COVID-19 , SARS-CoV-2/genetics , Spike Glycoprotein, Coronavirus/genetics , Cold Temperature , Genetic Fitness/genetics , Humans , Mutation , Protein Stability
7.
Biosens Bioelectron ; 183: 113213, 2021 Jul 01.
Article in English | MEDLINE | ID: covidwho-1163433

ABSTRACT

Severe acute respiratory syndrome coronavirus 2 (SARS-CoV-2) enters the cells through the binding of its spike protein (S-protein) to the cell surface-expressing angiotensin-converting enzyme 2 (ACE2). Thus, inhibition of S-protein-ACE2 binding may impede SARS-CoV-2 cell entry and attenuate the progression of Coronavirus disease 2019 (COVID-19). In this study, an electrochemical impedance spectroscopy-based biosensing platform consisting of a recombinant ACE2-coated palladium nano-thin-film electrode as the core sensing element was fabricated for the screening of potential inhibitors against S-protein-ACE2 binding. The platform could detect interference of small analytes against S-protein-ACE2 binding at low analyte concentration and small volume (0.1 µg/mL and ~1 µL, estimated total analyte consumption < 4 pg) within 21 min. Thus, a few potential inhibitors of S-protein-ACE2 binding were identified. This includes (2S,3aS,6aS)-1-((S)-N-((S)-1-Carboxy-3-phenylpropyl)alanyl)tetrahydrocyclopenta[b] pyrrole-2-carboxylic acid (ramiprilat) and (2S,3aS,7aS)-1-[(2S)-2-[[(2S)-1-Carboxybutyl]amino]propanoyl]-2,3,3a,4,5,6,7,7a-octahydroindole-2-carboxylic acid (perindoprilat) that reduced the binding affinity of S-protein to ACE2 by 72% and 67%; and SARS-CoV-2 in vitro infectivity to the ACE2-expressing human oral cavity squamous carcinoma cells (OEC-M1) by 36.4 and 20.1%, respectively, compared to the PBS control. These findings demonstrated the usefulness of the developed biosensing platform for the rapid screening of modulators for S-protein-ACE2 binding.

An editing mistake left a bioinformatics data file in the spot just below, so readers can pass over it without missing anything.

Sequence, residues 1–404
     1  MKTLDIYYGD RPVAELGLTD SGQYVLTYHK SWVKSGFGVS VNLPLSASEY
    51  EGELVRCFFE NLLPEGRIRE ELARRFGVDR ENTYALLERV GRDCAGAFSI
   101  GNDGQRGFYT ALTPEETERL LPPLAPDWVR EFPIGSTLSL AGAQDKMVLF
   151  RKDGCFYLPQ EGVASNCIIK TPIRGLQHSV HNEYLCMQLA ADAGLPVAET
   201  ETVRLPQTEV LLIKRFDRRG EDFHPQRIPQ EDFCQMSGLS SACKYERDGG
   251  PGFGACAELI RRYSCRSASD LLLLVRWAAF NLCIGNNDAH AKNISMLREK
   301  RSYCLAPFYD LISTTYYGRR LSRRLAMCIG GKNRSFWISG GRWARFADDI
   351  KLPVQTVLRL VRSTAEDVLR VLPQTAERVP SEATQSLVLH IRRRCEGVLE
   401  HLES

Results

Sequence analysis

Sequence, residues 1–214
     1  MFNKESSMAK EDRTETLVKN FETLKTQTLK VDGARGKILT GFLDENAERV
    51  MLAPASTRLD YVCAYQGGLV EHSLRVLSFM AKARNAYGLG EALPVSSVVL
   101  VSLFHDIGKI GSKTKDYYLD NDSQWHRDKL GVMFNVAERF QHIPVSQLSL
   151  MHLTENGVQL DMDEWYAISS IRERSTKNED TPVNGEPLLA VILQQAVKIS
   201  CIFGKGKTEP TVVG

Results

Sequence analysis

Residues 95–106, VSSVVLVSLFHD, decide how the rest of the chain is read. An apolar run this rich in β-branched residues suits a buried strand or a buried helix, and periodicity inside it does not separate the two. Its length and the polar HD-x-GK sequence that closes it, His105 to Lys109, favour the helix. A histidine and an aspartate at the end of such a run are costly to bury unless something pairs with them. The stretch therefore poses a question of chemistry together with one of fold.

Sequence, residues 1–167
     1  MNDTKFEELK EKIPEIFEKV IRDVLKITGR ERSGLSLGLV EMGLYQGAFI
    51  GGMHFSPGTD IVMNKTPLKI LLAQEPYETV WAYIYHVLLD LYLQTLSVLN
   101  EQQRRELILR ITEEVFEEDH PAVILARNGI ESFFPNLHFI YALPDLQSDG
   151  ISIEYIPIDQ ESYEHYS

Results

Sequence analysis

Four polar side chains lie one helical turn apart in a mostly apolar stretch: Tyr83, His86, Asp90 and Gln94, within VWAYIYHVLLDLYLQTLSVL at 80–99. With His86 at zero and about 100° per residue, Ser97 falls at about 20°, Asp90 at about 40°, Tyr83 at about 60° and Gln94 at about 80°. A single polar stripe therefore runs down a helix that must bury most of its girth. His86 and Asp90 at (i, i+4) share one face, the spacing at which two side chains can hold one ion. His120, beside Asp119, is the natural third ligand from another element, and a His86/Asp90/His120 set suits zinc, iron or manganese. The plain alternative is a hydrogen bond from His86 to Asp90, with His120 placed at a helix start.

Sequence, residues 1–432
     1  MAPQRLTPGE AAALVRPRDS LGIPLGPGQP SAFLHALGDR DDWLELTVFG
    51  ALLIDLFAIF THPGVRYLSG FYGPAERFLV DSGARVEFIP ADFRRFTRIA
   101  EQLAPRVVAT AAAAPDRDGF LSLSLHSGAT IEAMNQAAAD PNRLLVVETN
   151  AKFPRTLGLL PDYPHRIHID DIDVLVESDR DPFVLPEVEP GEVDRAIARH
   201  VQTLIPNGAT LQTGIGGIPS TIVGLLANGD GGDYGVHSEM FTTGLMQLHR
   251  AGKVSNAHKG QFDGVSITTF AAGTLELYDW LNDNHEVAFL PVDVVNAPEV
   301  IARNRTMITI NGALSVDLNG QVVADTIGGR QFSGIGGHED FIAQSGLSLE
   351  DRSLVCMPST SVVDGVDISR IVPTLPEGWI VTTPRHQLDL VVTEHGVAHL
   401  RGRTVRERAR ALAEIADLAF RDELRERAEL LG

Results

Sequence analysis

Subject(s)
Biosensing Techniques , COVID-19 , Dielectric Spectroscopy , Humans , Protein Binding , SARS-CoV-2 , Spike Glycoprotein, Coronavirus
8.
Antimicrob Agents Chemother ; 64(9)2020 08 20.
Article in English | MEDLINE | ID: covidwho-646490

ABSTRACT